If you live in Austria, you must be curious about not only if your country's selection on Netflix is good, but also how to find the movies that are worth your time. This list serves both purposes. Specific to Netflix Austria, this is a countdown of handpicked critically acclaimed films that will cover you for a long time. As we will update it regularily, make sure to bookmark it for whenever you feel like watching something good.
agoodmovietowatch suggests films that are highly-rated but relatively little-known. We're to serve as a gateway to services like Netflix, and in a way show you what to "demand" from these On-Demand providers.Below, find the best movies on Netflix Austria, you can also browse all our suggestions here.
Ryan Bingham (George Clooney) is a corporate axman, he comes in a fires people when the managers are too afraid to do it themselves. The nature of his work requires a lot of flying, short lived meetings in transit zones and he absolutely loves it, and he has a certain goal in mind. When the company tries a new approach to corporate downsizing he has to change his way and view of life. It’s full of cynicism and warmth. If you are familiar with Jason Reitman’s previous work, you’ll feel right at home, if you don’t : Get to it!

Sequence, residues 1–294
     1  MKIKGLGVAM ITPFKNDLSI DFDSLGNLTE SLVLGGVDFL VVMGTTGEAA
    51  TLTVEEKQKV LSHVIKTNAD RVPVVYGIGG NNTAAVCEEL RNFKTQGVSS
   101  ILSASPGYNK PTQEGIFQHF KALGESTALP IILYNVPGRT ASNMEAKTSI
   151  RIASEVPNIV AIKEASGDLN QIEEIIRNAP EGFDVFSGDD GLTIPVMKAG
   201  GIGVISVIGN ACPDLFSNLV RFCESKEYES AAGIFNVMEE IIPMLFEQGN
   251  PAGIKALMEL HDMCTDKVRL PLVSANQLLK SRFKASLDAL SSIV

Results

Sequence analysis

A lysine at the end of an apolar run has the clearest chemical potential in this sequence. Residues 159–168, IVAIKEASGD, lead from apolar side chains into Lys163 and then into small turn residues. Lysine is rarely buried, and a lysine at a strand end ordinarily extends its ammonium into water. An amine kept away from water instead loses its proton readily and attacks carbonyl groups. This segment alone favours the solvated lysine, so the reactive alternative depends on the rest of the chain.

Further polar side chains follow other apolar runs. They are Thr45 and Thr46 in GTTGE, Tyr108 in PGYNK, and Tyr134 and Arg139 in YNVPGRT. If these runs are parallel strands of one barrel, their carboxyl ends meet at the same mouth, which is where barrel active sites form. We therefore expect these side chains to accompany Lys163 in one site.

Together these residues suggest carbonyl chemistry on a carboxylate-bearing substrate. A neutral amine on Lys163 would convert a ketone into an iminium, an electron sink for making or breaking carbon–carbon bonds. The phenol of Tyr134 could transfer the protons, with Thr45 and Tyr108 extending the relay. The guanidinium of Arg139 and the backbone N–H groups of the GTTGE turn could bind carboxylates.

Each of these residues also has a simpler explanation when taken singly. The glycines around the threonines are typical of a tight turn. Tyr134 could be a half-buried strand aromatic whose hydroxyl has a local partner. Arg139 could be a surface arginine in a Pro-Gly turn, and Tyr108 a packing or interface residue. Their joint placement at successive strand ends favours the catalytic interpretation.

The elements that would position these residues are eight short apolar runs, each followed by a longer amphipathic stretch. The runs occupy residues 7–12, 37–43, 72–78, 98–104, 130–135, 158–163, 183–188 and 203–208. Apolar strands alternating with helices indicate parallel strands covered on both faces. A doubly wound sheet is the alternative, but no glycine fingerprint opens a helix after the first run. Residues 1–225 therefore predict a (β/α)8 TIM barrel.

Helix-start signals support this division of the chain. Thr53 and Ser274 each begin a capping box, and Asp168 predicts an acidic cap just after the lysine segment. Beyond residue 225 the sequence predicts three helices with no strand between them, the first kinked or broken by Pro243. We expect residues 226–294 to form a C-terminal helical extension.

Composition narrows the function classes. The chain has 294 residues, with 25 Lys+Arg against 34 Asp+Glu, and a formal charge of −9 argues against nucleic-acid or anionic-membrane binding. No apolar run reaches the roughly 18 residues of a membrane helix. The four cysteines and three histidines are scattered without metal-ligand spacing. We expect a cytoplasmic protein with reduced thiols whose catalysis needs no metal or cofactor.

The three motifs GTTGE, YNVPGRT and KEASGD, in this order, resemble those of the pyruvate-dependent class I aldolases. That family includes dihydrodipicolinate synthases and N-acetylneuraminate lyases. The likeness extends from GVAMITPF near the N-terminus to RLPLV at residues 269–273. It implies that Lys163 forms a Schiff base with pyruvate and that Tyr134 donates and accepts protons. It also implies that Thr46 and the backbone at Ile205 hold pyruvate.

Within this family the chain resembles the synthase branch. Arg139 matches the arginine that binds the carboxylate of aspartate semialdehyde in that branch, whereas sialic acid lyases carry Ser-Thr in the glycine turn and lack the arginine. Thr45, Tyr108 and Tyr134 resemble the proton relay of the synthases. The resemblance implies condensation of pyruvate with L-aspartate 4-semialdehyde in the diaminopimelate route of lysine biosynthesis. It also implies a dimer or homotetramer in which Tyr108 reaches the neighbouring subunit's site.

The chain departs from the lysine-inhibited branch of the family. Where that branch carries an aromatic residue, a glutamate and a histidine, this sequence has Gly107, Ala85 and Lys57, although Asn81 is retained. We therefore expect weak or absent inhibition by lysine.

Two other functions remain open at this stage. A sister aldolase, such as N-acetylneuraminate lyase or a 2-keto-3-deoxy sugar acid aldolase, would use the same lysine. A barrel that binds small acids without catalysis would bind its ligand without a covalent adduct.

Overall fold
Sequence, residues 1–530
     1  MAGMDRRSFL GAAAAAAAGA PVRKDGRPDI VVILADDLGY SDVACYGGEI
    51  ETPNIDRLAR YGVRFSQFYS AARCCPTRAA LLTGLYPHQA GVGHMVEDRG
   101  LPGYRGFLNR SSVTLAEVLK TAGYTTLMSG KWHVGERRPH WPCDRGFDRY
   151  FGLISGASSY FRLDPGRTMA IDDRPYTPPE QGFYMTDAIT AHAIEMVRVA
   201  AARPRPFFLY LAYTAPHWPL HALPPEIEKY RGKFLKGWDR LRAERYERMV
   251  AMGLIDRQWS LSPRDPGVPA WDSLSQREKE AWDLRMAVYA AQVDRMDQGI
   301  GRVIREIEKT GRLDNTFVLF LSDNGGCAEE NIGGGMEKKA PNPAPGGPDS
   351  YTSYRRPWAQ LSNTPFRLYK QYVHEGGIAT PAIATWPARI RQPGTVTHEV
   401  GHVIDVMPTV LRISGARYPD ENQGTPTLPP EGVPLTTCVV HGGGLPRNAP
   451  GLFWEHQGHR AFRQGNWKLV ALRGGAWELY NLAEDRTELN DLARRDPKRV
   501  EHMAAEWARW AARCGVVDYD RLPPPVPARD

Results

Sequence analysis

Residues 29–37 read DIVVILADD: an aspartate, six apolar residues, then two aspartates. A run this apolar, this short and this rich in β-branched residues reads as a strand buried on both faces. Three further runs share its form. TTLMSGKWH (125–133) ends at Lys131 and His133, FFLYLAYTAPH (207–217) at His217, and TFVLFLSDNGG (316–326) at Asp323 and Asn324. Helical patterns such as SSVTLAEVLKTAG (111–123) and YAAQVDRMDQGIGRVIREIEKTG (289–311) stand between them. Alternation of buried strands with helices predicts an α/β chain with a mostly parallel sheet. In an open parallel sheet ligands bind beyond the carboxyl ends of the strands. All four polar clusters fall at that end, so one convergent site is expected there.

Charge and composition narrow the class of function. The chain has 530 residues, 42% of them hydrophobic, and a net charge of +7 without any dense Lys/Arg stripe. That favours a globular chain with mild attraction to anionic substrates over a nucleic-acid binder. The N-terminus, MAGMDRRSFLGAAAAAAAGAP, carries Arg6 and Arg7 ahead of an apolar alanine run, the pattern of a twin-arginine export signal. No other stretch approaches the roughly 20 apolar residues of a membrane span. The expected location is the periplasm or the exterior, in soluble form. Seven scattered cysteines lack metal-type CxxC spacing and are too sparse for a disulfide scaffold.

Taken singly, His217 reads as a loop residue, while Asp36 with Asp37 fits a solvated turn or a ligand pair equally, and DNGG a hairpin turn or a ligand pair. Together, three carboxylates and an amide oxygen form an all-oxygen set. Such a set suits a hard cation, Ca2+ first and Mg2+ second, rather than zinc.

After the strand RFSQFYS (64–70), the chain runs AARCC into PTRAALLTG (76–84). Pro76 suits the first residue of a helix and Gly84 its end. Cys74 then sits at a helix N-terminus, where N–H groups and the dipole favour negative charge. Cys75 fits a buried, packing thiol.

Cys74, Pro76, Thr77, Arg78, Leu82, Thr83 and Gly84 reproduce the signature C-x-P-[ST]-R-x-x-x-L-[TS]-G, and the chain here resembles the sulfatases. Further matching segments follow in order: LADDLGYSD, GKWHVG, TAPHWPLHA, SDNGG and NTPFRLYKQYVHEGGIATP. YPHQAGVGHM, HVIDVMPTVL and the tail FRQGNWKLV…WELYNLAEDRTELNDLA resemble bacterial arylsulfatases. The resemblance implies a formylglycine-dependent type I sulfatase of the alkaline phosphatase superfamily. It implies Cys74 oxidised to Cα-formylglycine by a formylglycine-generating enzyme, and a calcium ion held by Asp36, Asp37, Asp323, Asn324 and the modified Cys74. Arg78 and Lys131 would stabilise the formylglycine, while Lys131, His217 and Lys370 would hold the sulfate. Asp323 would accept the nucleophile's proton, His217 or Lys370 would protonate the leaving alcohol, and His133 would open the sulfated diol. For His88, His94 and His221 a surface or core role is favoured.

Icarus starts with its director Bryan Fogel deciding to inject himself with doping substances and participate in a biking race undetected. By accident, he ends up in contact with a Russian scientist. This man transforms the movie from a personal experiment to a highly relevant political thriller. Called Dr. Grigory Rodchenkov, the scientist seems to be at the center of accusations to Russia of a virtually impossible state-sponsored doping scheme. With links to the Russian president Putin himself, the movie keeps getting more and more interesting as the relationship between Fogel and Rodchenkov develops. And aside from all the madness that unfolds, Rodchenkov’s likeable personality makes the story more relatable and humane, and gives an insight into the pressures of working in the regulatory body in a country like Russia. You will be astonished by how much material this movie has. A must-watch.
A summer’s night, it’s around 2 AM and you’re outside talking with a close friend about life, happiness, and the human condition. That quality and depth of conversation, which you reach at best a couple of times a year is present throughout the 106 minutes of The End of the Tour. The film depicts the story of David Foster Wallace, as played by Jason Segel, and his interactions with then Rolling Stone journalist David Lipsky, as played by Jesse Eisenberg. It’s like being with two smart friends and discussing your life and theirs in the sense that it is deeply personal, very smart while being simple, and unpretentiously relevant. Performances are nothing short of perfect as Segel completely transforms into the character, and everything is authentically orchestrated with the deft hand of The Spectacular Now director James Ponsoldt. A rare and important film.